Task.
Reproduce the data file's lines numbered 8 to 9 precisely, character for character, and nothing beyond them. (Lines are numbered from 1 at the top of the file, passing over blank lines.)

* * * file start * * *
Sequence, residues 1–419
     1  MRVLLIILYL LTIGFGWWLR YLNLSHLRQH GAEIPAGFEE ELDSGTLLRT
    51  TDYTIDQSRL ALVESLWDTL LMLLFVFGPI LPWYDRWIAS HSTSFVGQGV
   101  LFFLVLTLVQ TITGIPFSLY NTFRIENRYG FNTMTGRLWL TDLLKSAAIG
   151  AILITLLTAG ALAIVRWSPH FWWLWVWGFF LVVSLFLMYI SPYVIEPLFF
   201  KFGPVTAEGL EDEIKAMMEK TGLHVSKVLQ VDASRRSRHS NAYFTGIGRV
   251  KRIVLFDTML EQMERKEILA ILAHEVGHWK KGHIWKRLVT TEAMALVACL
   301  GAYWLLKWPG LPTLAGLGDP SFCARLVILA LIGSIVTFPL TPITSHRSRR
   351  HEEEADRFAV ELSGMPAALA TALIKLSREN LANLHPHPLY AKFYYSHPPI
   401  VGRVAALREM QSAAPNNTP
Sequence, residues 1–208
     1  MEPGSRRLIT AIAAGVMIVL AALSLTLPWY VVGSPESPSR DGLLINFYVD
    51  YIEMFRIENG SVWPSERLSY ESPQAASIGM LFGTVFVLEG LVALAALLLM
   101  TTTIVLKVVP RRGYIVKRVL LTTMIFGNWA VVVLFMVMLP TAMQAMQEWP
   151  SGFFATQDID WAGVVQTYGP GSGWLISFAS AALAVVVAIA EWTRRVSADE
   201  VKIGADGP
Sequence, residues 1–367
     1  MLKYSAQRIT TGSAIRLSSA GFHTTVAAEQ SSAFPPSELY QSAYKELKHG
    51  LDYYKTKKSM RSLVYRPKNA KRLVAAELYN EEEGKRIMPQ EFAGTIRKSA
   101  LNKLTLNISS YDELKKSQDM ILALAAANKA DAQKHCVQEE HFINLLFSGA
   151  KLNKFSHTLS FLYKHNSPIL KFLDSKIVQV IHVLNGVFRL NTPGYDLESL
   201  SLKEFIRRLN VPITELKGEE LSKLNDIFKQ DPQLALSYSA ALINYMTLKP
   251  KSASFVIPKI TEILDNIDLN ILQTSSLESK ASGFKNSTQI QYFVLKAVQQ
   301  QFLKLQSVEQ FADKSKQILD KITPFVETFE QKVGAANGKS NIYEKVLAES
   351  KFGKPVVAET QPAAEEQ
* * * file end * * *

   301  GAYWLLKWPG LPTLAGLGDP SFCARLVILA LIGSIVTFPL TPITSHRSRR
   351  HEEEADRFAV ELSGMPAALA TALIKLSREN LANLHPHPLY AKFYYSHPPI